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types of audio compressors.

Types Of Audio Compressors: From VCA To Optical And Beyond

February 17, 2024 
Last Updated on February 17, 2024

One of the most powerful tools at an audio engineers disposal is a device called a compressor. A compressor, which comes in hardware and plugin options, makes the quiet parts of an audio signal louder and the loud parts tamer. But did you know are there are actually several types of audio compressors, each with their own special sound flavor? In this post, we'll dive into the world of compressor types, like VCA, FET, and even optical ones (yes, like the kind in your glasses!). So buckle up and get ready to learn how to choose the perfect compressor to make your music sound like a million bucks!

What Does An Audio Compressor Do?

Audio compression with gain reduction LEDS going in increments of 3.

The main function of a compressor is to even out volume. It takes the loudest and softest parts of a track and brings them closer together. This is done using the following parameters which are at the heart of how a compressor works:

  • Threshold: This sets the level at which the compressor starts working. Signals below this level are left untouched, while signals exceeding it get compressed.
  • Ratio: This determines how much the signal is reduced after exceeding the threshold. A higher ratio means more reduction, resulting in a more compressed sound.
  • Attack: This controls how quickly the compressor reacts to a signal exceeding the threshold. A faster attack time clamps down on loud sounds instantly, while a slower attack allows for more natural transients.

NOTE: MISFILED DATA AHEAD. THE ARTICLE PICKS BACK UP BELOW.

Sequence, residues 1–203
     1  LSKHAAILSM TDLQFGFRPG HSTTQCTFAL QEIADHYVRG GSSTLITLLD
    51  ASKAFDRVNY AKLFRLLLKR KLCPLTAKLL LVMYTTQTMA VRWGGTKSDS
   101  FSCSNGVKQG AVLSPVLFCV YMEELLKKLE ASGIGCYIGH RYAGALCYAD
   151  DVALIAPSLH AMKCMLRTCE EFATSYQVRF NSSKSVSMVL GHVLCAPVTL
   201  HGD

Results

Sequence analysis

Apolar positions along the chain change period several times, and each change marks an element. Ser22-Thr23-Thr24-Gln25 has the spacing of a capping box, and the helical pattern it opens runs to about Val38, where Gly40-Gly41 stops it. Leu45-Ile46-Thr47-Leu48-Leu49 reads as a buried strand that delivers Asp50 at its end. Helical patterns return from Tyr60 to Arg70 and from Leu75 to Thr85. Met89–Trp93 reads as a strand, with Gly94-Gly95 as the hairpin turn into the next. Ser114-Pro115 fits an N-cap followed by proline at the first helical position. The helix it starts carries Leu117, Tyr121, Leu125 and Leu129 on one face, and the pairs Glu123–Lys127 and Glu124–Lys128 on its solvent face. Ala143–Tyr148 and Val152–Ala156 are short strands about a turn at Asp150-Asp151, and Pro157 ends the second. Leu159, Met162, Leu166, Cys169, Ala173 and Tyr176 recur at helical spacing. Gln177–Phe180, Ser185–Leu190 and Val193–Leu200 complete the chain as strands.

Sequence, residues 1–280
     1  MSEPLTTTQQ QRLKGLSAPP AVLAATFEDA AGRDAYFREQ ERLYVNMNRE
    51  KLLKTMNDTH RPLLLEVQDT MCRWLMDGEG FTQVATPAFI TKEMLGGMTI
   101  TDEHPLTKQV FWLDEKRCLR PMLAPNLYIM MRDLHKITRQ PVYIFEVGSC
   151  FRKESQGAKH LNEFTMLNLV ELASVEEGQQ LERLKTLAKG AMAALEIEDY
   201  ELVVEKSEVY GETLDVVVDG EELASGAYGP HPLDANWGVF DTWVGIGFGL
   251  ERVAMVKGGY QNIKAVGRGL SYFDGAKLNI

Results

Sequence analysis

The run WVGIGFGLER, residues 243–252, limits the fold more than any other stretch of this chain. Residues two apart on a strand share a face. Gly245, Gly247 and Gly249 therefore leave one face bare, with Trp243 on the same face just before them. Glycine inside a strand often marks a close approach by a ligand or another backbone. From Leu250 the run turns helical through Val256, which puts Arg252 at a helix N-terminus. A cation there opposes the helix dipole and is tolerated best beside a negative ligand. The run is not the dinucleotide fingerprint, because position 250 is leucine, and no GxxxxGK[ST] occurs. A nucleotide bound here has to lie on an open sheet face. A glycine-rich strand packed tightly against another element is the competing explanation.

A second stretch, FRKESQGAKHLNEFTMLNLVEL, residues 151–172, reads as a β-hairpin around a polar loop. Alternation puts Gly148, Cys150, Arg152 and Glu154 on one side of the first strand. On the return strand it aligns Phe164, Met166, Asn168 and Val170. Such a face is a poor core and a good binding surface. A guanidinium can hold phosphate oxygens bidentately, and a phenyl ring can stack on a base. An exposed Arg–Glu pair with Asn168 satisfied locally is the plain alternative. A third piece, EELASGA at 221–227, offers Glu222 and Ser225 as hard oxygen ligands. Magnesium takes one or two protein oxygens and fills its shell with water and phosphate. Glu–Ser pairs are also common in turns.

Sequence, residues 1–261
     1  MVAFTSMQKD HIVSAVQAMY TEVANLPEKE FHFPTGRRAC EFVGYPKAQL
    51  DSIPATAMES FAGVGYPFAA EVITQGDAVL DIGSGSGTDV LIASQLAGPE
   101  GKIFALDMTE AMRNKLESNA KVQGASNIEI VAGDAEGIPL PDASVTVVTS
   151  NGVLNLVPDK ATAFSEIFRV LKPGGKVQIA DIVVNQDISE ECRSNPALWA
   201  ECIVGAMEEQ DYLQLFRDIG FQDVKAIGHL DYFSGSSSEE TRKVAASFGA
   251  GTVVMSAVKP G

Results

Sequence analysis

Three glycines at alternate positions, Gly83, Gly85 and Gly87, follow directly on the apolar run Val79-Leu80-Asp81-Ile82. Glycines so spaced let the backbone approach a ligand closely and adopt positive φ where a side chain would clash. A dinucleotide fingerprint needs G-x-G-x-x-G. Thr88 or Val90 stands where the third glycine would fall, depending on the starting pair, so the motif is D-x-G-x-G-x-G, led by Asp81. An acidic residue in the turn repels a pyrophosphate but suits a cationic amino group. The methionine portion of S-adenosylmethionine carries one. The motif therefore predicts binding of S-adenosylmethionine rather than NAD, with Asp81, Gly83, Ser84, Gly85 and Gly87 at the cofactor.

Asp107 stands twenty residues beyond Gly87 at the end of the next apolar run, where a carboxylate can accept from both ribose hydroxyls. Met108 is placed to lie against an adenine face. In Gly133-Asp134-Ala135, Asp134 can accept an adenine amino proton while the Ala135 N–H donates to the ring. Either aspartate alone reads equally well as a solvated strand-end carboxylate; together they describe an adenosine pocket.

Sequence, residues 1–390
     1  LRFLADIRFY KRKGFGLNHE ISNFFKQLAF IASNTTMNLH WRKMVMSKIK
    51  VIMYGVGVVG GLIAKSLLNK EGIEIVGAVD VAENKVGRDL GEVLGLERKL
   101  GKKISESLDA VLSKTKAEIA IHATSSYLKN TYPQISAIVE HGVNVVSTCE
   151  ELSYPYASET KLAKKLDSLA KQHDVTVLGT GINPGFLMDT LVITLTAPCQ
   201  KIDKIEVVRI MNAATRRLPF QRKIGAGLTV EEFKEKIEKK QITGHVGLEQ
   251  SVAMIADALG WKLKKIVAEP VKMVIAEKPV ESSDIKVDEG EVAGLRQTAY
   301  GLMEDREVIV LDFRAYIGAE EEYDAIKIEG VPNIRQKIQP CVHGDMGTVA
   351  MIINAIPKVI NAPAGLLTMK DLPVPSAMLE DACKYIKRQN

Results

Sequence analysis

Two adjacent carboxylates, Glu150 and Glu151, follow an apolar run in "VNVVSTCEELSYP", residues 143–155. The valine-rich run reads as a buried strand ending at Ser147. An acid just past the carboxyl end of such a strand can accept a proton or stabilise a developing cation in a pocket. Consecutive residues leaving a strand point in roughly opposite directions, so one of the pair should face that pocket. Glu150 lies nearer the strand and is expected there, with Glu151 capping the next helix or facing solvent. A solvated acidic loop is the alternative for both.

• Release: This determines how quickly the compressor returns to normal gain after the signal falls below the threshold. A faster release bounces back quickly, while a slower release lets the gain decrease more gradually.

By adjusting these parameters, you can fine-tune the compressor to achieve the desired effect on your audio.

4 Main Types Of Audio Compressors

Now that you understand the essential function and controls of a compressor, let's delve into the four different types. Each compressor type utilizes unique technology, resulting in distinct sonic characteristics that impact the sound in various ways.

VCA (Voltage Controlled Amplifier)

SSL Bus VCA compressor.

VCA compressors rely on electrical circuits to manage gain reduction. They are great at quickly and precisely adjusting the volume of a track. VCAs are known for their clean, transparent sound, preserving the natural character of the audio. They offer fast attack times, making them ideal for tight and punchy compression, often used on drums, vocals, and bass.

FET (Field Effect Transistor)

1176 FET compressor.

FET Compressors use a special gadget called a Field Effect Transistor (FET), similar to tiny electronic switches, to control gain. These compressors are known for their aggressive character, adding warmth and smooth compression with a distinct punch. FET compressors are popular for taming electric guitars, adding bite to vocals, and shaping the overall punch of a mix. Their fast attack times are perfect for capturing transients while adding subtle color.

Optical Compressor

LA-2A optical compressor.

Optical compressors use light-dependent resistors to adjust gain. Imagine a light-sensitive element acting like a photocell, controlling the volume based on the intensity of the incoming signal. An Optical Compressor watches this light and, as it brightens, it softly turns down the volume, keeping everything smooth and pleasant to listen to. Optical compressors are renowned for their smooth and gentle compression, often described as musical. They excel at handling dynamic instruments like bass and piano, preserving their natural character while taming unruly peaks.

Vari-Mu Compressor

Vari-Mu compressor.